Ohio's Pharmacy Board says CBD oil can only be sold in dispensaries

SHARONVILLE, Ohio -- In the last few months, Ohio's Pharmacy Board issued a clarification to a state law which lists cannabidiol, or CBD oil, as a marijuana product. What this means is CBD oil can only be sold in dispensaries in the state of Ohio.

"It's frustrating," said E.R. Beach, owner of Hemptations in Sharonville. "Other places are listening to them and are pulling the products from their shelves and the only person who's being hurt there is the customer."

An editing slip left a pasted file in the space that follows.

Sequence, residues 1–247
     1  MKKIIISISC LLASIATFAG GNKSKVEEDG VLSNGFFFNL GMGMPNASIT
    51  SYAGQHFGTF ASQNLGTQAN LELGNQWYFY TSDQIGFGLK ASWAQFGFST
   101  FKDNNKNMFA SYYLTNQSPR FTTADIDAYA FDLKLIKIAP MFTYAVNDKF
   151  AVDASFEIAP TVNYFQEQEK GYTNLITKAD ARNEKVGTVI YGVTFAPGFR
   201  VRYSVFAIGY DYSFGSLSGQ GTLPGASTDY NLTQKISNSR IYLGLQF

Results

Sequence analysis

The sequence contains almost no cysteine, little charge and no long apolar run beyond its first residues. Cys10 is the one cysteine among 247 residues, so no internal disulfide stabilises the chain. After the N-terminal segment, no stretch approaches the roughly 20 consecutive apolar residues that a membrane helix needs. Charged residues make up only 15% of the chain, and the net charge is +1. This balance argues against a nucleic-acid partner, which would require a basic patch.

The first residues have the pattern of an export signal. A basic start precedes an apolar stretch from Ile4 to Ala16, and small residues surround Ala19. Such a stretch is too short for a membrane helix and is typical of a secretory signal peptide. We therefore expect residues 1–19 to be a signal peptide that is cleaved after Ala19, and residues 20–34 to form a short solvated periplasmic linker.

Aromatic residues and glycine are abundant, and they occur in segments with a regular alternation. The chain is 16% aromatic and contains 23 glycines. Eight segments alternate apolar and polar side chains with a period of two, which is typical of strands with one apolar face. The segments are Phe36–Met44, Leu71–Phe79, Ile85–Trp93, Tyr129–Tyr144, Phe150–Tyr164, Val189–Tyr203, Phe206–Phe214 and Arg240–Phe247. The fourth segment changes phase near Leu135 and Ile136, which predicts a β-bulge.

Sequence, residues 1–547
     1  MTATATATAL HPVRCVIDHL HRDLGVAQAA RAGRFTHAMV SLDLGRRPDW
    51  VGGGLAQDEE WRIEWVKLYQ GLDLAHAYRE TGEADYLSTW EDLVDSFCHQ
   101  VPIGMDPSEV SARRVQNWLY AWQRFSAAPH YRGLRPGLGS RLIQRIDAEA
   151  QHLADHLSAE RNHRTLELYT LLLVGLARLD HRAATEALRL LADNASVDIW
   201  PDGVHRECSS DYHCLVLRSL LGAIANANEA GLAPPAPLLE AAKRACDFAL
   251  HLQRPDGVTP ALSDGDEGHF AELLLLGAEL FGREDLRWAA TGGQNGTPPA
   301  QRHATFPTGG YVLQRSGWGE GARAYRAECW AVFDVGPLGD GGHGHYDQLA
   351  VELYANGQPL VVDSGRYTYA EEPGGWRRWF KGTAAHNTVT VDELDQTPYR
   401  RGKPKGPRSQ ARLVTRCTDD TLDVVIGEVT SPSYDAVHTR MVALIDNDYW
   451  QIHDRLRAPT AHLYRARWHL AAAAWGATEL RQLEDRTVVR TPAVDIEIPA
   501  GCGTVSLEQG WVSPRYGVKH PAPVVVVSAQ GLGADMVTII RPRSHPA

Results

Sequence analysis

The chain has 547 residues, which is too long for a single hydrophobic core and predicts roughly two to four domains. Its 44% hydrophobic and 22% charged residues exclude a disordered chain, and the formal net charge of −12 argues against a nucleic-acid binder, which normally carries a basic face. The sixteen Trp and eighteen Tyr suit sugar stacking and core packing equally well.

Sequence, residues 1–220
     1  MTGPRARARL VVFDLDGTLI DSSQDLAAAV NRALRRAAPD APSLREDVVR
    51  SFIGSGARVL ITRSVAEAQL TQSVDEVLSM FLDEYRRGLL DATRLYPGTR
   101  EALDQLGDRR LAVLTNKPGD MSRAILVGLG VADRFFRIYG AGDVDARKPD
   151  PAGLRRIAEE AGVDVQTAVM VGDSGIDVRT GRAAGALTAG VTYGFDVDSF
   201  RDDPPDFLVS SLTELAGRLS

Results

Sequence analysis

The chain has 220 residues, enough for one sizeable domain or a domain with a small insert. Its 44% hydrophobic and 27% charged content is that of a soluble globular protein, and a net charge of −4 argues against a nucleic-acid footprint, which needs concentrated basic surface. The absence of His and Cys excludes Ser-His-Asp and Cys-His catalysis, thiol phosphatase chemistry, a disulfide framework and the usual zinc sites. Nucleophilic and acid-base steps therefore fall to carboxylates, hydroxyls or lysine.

CBD oil does not give the user the same high a person might get from smoking or ingesting other forms of marijuana. "There's no euphoric value to it, you could drink a whole bottle of the strongest CBD that we have and it's not going to give you a buzz," said Beach.

While it may not have the psychoactive effects of marijuana, some studies have shown CBD oil can help treat epilepsy as well as pain from multiple sclerosis. However, marijuana and marijuana extracts, such as CBD oil, are classified as Schedule 1 drugs under the Controlled Substance Act, so product and distribution of CBD oil is illegal under federal law.

While the classification ruling sounds menacing to CBD oil users and sellers, Ohio's State Pharmacy Board says nothing is being enforced - yet. They say they are just letting business know about the ruling.

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